The US Department of Health and Human Services has launched a new tool to help communities prepare for extreme heat, and prevent heat-related illnesses.

The HHS is setting off the first nationwide Heat and Health-providing outcome information by zip-code to be used to help state and local officials identify communities most likely to be negatively impacted by extreme heat.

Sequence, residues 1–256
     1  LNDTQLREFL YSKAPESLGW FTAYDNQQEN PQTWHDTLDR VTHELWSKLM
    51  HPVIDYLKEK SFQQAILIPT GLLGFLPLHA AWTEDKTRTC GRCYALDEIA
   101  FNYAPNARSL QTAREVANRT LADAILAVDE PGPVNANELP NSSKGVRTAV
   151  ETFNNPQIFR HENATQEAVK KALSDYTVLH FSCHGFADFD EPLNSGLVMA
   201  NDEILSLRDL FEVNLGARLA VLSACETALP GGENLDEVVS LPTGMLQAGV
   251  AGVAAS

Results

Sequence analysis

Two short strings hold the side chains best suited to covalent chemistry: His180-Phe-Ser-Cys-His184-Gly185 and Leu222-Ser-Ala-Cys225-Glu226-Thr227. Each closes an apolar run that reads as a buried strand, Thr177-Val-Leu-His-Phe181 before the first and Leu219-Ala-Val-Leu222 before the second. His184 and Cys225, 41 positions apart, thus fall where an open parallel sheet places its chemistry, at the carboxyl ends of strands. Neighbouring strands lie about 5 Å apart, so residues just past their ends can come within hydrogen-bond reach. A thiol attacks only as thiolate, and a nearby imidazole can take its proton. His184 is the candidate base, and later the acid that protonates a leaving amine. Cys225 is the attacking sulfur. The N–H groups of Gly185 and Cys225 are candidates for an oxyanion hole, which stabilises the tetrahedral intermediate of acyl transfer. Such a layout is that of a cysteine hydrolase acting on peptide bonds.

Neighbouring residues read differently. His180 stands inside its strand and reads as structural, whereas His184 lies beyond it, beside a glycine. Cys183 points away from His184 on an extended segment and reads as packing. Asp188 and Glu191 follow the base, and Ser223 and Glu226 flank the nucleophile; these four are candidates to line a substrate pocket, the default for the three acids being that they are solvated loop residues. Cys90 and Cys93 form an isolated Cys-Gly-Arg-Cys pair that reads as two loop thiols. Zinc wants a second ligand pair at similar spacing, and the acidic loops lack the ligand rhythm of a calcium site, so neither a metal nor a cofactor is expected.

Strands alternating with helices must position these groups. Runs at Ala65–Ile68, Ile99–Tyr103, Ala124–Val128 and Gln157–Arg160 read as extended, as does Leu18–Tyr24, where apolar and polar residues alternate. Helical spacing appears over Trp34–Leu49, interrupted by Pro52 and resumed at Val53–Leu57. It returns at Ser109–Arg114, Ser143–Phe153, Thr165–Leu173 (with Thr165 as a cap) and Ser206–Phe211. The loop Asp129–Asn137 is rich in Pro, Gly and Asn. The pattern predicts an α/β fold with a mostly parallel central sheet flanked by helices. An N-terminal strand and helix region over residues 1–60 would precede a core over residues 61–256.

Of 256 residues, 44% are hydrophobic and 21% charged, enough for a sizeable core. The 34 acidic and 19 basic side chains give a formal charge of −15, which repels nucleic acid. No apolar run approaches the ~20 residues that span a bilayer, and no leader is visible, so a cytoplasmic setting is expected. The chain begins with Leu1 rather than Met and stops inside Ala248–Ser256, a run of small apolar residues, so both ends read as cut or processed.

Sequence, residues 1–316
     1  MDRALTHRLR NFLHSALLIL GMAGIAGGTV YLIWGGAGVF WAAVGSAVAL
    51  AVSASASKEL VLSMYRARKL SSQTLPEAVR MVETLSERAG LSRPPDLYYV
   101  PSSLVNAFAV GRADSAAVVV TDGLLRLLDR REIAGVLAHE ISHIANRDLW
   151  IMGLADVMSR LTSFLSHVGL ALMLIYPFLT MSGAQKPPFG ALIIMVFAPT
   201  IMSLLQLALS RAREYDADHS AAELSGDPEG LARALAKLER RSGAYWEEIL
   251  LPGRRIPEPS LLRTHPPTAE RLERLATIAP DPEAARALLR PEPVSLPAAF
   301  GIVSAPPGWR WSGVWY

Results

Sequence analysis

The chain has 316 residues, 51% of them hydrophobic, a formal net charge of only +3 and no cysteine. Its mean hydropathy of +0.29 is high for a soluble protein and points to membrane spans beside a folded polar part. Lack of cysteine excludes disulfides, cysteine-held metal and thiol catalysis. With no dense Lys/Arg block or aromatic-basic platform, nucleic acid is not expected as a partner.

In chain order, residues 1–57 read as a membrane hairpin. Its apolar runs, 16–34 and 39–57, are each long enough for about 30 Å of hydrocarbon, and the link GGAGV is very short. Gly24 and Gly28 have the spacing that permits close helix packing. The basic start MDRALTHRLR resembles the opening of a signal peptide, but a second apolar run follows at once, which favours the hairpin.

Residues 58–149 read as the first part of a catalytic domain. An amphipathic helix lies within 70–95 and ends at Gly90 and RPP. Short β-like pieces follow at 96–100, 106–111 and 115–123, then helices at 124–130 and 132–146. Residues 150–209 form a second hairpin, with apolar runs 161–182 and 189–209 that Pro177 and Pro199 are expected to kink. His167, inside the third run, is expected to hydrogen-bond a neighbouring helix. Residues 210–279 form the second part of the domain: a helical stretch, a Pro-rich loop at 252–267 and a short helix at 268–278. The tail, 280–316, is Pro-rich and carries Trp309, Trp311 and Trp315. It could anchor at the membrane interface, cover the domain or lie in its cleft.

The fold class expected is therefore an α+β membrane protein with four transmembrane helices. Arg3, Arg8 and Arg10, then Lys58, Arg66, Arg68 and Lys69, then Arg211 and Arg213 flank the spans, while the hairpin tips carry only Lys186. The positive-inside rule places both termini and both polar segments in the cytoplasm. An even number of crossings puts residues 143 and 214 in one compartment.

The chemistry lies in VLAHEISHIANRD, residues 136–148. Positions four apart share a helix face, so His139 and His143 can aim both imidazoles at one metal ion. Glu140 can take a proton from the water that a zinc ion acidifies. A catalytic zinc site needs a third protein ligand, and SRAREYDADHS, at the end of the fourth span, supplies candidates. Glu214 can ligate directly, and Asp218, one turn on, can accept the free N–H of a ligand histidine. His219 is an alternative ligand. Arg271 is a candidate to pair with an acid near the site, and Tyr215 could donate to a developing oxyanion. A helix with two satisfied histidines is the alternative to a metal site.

On the new index, Potter County and the rest of the Texas Panhandle and High Plains region rates high, and is forecast to have an abnormally hot summer.

For communities with a discouraging ranking, the HHS noted that the HHI data could be used by local officials to identify and prioritize areas most at risk and help with preparation and response.